I considered dropping, but decided to try to recover if I could. Throughout hour three I was forced to slow down due to bladder pain and I began sipping six ounces of flat cola each time I came through the aid station. (BUS events always have flat cola, which is perfect for upset tummies.) I ended up taking three (THREE?!!) bathroom breaks during that hour. During hour four I continued to go slow, but I switched to sipping six ounces of Tailwind each loop. That’s about the time my husband arrived. I walked one full loop with him and felt a lot better by the start of hour five. I knew my bladder would relax if I could take in enough fluids and I could get enough fluids if I could get my stomach settled.
My methods worked. For the last two hours I was able to regain my normal pace and I actually finished stronger than I started. I estimate that I lost somewhere between 3 and 4 miles during my “down period.” I still finished with 27.3 miles, which is the same distance I completed at the 6-hour run back in March with zero training. I’m actually pretty proud of myself for being able to recover and finish. That’s the first time I’ve had something really yucky happen and been able to figure out how to fix it.
Aside from intestinal/bladder issues, everything else held up fine. I was going to run in my brand new Altra Intuition 2.0s, but after a couple of runs in them I decided they were just too squishy and my body isn’t used to them yet. I stuck with my 1.5s and they were awesome. I ended up with two tiny toe blisters and minimal chafing anywhere else, so that made me happy.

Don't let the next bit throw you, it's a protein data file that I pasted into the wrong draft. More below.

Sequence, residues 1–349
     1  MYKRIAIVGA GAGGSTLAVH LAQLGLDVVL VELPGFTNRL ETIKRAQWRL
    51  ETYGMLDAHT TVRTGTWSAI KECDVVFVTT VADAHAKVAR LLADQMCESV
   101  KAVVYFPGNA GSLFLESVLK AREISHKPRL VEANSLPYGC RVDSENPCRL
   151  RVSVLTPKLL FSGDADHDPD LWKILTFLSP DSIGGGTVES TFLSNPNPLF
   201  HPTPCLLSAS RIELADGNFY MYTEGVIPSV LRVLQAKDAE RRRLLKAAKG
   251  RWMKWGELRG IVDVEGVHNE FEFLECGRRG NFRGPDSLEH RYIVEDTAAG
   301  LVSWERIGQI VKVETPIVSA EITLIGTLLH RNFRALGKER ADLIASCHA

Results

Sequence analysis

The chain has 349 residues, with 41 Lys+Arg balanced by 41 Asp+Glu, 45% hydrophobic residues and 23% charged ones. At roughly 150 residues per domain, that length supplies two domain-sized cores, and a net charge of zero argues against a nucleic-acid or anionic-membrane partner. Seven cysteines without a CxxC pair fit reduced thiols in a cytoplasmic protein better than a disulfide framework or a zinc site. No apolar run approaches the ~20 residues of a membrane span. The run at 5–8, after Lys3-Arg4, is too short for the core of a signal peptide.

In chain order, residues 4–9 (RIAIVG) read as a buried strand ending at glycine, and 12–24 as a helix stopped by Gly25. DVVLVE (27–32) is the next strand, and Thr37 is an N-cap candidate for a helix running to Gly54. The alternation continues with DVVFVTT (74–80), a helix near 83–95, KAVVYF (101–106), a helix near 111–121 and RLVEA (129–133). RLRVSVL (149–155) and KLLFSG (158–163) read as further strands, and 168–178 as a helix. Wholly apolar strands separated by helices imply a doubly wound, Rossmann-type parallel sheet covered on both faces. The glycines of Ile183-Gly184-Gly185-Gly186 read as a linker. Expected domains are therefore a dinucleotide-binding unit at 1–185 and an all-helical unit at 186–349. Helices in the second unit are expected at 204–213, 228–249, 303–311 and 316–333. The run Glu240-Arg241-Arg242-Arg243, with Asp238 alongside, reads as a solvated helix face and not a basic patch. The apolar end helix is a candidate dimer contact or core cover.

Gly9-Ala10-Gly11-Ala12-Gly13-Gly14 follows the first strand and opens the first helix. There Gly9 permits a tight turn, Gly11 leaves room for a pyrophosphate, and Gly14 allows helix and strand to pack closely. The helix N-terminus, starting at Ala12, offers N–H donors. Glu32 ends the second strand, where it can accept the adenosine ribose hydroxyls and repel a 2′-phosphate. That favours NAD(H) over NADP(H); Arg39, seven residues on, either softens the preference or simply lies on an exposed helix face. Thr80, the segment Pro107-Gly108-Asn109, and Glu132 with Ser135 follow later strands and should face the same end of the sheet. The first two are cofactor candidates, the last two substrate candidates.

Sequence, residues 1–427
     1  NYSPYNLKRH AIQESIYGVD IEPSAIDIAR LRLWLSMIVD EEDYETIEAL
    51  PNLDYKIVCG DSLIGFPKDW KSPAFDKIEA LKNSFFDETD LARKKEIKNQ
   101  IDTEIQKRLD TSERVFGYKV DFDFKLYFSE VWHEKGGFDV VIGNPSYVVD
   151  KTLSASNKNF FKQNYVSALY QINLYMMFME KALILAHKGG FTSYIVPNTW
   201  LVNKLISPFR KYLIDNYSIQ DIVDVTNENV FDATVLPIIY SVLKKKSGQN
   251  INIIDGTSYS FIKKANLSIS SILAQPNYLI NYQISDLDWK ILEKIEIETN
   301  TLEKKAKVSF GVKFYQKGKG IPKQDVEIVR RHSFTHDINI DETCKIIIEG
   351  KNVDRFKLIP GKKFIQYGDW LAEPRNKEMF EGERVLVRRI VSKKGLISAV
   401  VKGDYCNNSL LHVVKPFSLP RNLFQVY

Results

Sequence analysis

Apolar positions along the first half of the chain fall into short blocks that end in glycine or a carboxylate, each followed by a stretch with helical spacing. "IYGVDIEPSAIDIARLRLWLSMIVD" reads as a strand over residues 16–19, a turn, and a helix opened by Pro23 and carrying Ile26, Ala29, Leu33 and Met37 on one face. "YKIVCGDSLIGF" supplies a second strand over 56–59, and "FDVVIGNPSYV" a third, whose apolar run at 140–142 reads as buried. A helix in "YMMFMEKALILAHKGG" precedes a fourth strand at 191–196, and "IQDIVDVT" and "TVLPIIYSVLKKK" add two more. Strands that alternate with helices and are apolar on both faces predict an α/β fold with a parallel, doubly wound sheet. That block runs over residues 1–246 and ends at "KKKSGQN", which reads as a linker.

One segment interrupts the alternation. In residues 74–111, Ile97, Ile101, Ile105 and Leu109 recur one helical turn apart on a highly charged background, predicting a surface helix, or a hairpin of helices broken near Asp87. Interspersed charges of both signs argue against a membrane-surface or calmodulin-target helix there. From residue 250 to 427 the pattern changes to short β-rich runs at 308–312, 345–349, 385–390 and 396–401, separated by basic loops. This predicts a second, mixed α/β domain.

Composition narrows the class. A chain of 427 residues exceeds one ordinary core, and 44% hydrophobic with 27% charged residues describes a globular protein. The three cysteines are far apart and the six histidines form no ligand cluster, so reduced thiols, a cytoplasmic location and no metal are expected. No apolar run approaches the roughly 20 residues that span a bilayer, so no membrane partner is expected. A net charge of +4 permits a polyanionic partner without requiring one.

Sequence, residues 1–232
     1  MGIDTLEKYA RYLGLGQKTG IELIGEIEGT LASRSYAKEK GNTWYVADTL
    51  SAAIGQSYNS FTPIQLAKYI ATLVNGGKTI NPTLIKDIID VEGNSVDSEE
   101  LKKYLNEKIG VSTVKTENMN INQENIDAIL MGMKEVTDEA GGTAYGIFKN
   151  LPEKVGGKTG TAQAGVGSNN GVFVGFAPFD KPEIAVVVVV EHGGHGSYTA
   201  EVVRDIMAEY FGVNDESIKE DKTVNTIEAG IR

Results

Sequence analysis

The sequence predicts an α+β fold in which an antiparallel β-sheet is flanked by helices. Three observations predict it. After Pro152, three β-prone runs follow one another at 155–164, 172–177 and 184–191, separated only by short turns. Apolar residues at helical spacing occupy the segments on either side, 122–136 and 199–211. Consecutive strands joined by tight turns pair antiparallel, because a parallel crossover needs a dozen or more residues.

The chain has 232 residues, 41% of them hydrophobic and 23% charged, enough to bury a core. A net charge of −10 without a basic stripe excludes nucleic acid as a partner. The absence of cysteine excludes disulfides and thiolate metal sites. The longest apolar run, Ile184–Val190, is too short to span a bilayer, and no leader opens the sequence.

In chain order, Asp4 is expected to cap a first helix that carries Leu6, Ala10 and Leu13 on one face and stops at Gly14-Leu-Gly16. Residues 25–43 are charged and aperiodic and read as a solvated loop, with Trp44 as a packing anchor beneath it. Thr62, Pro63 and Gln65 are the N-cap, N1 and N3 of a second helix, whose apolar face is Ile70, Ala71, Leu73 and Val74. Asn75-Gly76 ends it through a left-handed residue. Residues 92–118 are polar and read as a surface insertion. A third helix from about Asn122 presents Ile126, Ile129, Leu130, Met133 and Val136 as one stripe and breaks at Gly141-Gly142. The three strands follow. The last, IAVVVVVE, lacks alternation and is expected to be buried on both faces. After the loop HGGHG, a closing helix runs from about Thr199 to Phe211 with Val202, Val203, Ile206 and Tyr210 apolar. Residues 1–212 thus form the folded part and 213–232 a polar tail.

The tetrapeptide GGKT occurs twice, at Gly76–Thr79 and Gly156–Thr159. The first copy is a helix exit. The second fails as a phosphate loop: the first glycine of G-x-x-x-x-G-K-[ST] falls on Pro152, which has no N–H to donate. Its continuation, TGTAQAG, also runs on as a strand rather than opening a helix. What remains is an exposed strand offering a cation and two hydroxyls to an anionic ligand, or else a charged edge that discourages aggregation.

As usual, the aid station, timing volunteers, and race direction were amazing. (Go Richie!) I was too beat up to stick around afterward for awards. Not sure if I got anything or not; I guess someone will contact me if I did. Final results aren’t up yet, so I don’t know how I placed either. At any rate, this is an event that I would recommend, particularly if you’ve never done a timed race before. Location and race direction can’t be beat. The only worry would be heat/weather, but those are things that can be compensated for. I expect to line up for the Pajama Romp next year.
Pre-race preparations at the baggage area.
Running south under Hell Gate Bridge.
Running south along the water.
The timing tent and our fabulous loop counters.
The famous pajama bottoms of the Pajama Romp!
* The playground at Astoria Park is called Charybdis Playground. I felt this was appropriate to my situation.
One thought to “BUS Pajama Romp 6-Hour”
So I am considering this race this year as it is a mile from my house so it was great to read your review! I think it sounds like a lot of fun and having the short loops is a nice change of pace to work on nutrition/fluid intake for marathon training.